The U.S. Global Change Research Program released The Fourth National Climate Assessment Volume II on Friday. The National Climate Assessment (NCA) assesses a range of potential climate change-related impacts, with an aim to help decision makers better identify risks that could be avoided or reduced. The assessment follows Vol I, the Climate Science Special Report (CSSR), which was released in November 2017. Together, these reports meet the requirements of the Global Change Research Act, which mandates a quadrennial assessment of understanding of global change and its impacts on the United States.
Kristie Ebi, a University of Washington professor of global health and of environmental and occupational health sciences and Director of the Center for Health and the Global Environment (CHanGE), was the lead author of the NCA's chapter on Human Health. A previous comprehensive assessment of the impacts of climate change on human health in the United States concluded that climate change exacerbates existing climate-sensitive health threats and creates new challenges, exposing more people in more places to hazardous weather and climate conditions. The new Human Health chapter builds on that assessment and considers the extent to which modifying current, or implementing new, health system responses could prepare for and manage these risks.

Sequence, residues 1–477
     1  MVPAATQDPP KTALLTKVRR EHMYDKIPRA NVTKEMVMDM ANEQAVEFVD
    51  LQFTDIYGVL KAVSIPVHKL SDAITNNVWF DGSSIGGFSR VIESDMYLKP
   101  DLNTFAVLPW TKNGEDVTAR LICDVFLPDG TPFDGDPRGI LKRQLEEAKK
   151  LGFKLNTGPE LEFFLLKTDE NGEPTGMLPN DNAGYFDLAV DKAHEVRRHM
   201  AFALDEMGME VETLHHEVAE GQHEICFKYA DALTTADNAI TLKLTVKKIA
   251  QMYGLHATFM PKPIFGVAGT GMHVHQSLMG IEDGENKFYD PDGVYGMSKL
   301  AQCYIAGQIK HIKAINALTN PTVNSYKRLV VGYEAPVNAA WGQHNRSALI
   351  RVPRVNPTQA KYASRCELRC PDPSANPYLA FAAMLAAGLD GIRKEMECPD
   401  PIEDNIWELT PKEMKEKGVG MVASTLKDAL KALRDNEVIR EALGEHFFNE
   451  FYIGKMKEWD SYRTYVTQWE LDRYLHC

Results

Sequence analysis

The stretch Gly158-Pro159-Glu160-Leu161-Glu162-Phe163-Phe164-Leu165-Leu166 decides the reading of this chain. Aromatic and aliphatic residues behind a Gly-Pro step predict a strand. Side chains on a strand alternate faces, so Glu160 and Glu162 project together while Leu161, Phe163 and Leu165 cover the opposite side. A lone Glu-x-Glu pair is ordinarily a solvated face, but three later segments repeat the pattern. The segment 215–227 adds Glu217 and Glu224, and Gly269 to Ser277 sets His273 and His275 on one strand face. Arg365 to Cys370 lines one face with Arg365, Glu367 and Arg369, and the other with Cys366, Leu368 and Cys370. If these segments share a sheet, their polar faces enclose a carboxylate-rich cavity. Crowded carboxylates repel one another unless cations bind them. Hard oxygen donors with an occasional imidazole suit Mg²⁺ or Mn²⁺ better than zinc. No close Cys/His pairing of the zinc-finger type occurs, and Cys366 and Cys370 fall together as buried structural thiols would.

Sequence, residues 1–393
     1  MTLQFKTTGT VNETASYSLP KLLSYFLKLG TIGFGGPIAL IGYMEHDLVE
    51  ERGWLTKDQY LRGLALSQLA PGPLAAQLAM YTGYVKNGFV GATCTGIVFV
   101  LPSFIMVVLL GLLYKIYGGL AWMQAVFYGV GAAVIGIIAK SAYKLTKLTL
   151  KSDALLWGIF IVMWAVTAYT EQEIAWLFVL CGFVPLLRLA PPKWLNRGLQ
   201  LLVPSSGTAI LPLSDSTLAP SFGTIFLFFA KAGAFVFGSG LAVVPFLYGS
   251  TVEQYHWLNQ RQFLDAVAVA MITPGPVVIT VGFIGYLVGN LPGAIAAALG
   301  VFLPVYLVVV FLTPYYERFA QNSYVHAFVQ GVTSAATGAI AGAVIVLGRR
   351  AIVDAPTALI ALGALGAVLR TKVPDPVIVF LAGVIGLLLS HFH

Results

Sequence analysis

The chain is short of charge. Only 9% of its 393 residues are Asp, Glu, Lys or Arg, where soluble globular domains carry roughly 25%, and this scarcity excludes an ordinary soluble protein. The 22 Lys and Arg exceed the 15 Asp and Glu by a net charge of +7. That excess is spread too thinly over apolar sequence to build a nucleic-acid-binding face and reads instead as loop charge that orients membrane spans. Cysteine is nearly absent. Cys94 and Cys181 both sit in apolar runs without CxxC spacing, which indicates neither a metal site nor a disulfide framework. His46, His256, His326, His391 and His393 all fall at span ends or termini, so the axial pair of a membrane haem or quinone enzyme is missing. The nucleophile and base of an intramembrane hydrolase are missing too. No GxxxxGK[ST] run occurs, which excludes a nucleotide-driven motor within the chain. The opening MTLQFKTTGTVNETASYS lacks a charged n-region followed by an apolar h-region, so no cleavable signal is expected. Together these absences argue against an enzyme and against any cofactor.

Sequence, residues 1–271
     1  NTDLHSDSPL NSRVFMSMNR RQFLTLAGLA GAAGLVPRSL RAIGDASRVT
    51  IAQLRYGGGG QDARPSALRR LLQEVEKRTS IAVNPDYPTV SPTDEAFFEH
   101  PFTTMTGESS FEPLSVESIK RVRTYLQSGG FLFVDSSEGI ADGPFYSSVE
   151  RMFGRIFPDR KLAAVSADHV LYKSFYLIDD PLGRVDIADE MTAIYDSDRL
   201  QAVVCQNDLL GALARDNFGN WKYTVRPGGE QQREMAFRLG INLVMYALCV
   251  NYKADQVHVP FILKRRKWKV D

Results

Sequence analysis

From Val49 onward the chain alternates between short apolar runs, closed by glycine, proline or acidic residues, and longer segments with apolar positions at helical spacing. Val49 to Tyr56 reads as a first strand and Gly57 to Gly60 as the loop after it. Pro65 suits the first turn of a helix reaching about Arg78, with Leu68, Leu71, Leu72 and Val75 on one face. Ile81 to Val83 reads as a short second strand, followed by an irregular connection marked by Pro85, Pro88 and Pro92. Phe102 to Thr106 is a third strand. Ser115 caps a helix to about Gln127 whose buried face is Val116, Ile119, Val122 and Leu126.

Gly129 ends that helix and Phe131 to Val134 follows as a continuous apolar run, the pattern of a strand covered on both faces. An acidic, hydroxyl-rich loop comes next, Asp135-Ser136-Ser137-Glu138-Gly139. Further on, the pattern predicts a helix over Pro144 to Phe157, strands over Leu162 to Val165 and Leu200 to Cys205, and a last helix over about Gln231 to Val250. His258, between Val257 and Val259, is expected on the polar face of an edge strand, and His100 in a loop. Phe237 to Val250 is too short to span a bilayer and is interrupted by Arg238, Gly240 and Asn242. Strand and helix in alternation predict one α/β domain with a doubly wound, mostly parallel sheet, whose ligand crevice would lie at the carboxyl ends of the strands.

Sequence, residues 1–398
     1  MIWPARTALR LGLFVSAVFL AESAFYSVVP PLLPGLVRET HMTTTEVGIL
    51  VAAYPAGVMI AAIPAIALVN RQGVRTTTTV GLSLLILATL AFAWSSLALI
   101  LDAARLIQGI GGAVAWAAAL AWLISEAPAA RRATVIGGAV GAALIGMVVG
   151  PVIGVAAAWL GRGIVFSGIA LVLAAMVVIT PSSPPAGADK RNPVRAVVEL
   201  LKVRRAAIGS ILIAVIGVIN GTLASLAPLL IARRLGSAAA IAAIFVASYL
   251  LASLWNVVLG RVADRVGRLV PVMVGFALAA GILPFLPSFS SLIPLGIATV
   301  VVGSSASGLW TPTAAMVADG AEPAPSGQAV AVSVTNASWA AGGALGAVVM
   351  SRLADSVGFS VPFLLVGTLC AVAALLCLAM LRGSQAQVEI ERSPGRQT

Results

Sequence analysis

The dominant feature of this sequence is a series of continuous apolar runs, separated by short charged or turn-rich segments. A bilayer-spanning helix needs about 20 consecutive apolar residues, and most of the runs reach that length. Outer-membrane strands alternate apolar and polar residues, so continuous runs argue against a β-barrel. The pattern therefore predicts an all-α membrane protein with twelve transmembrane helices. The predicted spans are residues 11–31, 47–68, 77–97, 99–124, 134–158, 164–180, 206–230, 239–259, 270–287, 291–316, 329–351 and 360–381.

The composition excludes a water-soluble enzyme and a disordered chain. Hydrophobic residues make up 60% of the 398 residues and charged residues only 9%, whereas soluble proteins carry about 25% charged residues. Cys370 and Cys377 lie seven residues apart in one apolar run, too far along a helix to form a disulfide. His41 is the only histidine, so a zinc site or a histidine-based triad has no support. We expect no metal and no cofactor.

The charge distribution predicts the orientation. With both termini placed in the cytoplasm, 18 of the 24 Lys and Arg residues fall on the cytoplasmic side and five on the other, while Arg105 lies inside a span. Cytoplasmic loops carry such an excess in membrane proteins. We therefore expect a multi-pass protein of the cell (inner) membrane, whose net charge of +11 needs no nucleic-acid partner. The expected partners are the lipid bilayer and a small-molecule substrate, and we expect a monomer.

The NCA has been covered extensively in the press by the New York Times, BBC, NPR, Reuters, The Washington Post, and The Atlantic. Ebi has been quoted by the Telegraph, CBC, and Weather.com as saying, " There's real concern about how the West will be able to manage this increasing occurrence," adding that global warming is already harming people's health, but it will only get worse. Ebi also elaborates on the role that policymakers can play in responding to climate change in a story by Bloomberg Environment.